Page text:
The debate over Paul Ryan’s Medicare reform ideas has largely been healthy, even amid the liberal distortions. But why has there been so little scrutiny of President Obama’s new Medicare proposal? Anyone worrying about more individual choice and responsibility in health care might be interested to learn that the alternative is turning every one of these decisions over to a 15-member central committee.

It sounds absurd, but there the President was last week, gravely conceding Mr. Ryan’s analysis of Medicare’s balance sheet and then claiming that the solution is to give a lot more political power to an unelected board to control health costs. Democrats believe this board will play doctor and actuary and allocate health resources better than markets, so allow us to fill in some of the details of this government-planned future.

The Independent Payment Advisory Board was created in the ObamaCare statute, and the President will appoint its experts in 2012 to six-year terms. From then on, look out. Democrats cut $468 billion in Medicare spending by screwing down its price controls and gutting the private insurance options of Medicare Advantage, while also boosting taxes by about $89 billion. This money could have strung along the status quo for a few more years, but Democrats diverted it instead to their new middle-class entitlement, which is like eating all the food left in the life raft.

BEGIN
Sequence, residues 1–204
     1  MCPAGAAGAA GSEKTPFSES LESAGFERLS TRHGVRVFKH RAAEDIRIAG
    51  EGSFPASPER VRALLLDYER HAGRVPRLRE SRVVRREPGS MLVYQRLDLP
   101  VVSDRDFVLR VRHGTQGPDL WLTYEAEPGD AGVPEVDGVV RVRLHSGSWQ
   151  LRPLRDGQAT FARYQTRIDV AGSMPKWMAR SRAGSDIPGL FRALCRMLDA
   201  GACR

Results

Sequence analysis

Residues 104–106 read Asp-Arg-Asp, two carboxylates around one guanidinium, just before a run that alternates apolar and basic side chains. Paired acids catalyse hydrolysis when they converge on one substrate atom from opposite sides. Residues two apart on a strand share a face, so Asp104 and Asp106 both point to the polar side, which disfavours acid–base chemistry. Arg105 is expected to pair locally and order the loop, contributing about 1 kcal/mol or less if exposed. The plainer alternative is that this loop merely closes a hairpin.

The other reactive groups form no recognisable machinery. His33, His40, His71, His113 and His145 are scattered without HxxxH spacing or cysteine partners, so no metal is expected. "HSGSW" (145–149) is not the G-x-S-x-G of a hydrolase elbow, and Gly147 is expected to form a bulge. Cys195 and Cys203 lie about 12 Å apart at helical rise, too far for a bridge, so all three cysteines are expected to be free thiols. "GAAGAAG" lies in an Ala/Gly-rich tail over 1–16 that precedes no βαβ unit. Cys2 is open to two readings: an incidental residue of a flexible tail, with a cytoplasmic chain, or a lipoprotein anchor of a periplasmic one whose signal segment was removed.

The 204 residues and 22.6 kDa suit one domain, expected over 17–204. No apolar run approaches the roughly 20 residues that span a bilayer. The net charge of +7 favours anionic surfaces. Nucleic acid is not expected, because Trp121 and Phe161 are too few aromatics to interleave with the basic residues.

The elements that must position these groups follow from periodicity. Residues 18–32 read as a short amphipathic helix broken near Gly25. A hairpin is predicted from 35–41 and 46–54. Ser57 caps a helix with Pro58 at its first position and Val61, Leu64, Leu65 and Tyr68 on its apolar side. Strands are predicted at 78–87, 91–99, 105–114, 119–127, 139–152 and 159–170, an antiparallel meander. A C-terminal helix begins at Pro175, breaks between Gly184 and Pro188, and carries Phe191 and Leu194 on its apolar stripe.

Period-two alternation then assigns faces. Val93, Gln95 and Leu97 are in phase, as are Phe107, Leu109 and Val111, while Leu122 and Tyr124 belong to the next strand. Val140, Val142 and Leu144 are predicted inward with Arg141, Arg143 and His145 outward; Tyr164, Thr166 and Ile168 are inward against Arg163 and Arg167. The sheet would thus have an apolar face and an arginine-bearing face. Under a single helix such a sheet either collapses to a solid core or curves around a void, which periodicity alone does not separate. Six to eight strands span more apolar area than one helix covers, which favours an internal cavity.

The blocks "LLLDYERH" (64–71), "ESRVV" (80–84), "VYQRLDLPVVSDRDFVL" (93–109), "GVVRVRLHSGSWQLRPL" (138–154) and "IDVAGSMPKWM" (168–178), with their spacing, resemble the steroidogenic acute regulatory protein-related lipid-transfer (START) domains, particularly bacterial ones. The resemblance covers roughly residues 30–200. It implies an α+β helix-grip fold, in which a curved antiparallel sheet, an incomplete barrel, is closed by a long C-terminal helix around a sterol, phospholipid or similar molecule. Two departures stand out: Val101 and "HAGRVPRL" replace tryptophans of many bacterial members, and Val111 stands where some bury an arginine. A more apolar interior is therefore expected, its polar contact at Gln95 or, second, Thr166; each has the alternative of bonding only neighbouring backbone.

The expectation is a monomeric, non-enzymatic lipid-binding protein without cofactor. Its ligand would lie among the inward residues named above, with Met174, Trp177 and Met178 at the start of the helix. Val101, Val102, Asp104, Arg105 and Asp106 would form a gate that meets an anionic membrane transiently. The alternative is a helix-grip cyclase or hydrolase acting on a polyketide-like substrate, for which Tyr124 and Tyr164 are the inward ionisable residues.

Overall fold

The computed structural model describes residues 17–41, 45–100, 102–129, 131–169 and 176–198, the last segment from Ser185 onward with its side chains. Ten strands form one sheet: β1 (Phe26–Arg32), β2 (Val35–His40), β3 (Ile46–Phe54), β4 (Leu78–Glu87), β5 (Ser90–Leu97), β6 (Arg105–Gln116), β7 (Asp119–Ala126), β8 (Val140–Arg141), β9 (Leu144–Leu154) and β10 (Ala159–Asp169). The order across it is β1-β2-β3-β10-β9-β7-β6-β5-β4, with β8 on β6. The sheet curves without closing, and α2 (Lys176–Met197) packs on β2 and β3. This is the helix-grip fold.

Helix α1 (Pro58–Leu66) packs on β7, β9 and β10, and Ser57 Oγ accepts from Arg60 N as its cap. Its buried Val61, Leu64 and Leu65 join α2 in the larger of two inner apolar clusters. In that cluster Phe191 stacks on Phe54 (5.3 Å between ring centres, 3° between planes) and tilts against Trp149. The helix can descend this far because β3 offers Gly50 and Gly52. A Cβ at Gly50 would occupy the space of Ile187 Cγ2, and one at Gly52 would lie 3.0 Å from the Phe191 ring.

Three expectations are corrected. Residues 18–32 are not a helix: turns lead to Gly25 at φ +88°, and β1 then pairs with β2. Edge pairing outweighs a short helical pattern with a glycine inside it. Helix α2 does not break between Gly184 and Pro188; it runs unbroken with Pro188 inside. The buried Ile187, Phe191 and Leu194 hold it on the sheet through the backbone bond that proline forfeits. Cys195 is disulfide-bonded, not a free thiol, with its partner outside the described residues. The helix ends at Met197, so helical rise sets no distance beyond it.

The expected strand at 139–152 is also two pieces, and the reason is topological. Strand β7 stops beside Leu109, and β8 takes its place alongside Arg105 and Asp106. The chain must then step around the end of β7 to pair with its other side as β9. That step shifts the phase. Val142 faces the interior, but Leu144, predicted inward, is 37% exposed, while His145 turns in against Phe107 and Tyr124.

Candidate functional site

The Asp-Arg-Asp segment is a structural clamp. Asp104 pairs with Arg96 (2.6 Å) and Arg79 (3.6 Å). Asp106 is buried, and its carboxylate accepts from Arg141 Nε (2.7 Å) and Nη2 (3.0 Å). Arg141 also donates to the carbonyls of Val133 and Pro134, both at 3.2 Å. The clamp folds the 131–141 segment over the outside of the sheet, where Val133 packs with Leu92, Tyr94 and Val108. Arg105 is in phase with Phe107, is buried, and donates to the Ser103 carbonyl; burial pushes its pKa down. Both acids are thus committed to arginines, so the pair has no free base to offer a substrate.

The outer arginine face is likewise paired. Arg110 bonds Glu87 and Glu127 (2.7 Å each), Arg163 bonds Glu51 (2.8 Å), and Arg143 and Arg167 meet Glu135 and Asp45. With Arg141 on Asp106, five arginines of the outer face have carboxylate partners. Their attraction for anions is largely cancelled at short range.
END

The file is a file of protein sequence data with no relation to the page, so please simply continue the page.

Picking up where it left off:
Under last year’s law, the board submits its recommendations to Congress on an up-or-down vote and they go into effect automatically unless Congress adopts an equivalent plan. Its decisions aren’t subject to judicial or administrative review. Now Mr. Obama wants to give the board the additional power of automatic sequester to enforce its dictates, meaning that it would have the legal authority to prevent Congress from appropriating tax dollars. In other words, Congress would be stripped of any real legislative role in favor of an unaccountable body of experts.

As a practical matter, the more likely outcome is the political rationing of care for the elderly, as now occurs in Britain, or else the board will drive prices so low that many doctors and hospitals drop out of Medicare. Either alternative would create the kind of two-tier system dividing the poor and affluent that Democrats claim is Mr. Ryan’s mortal sin.

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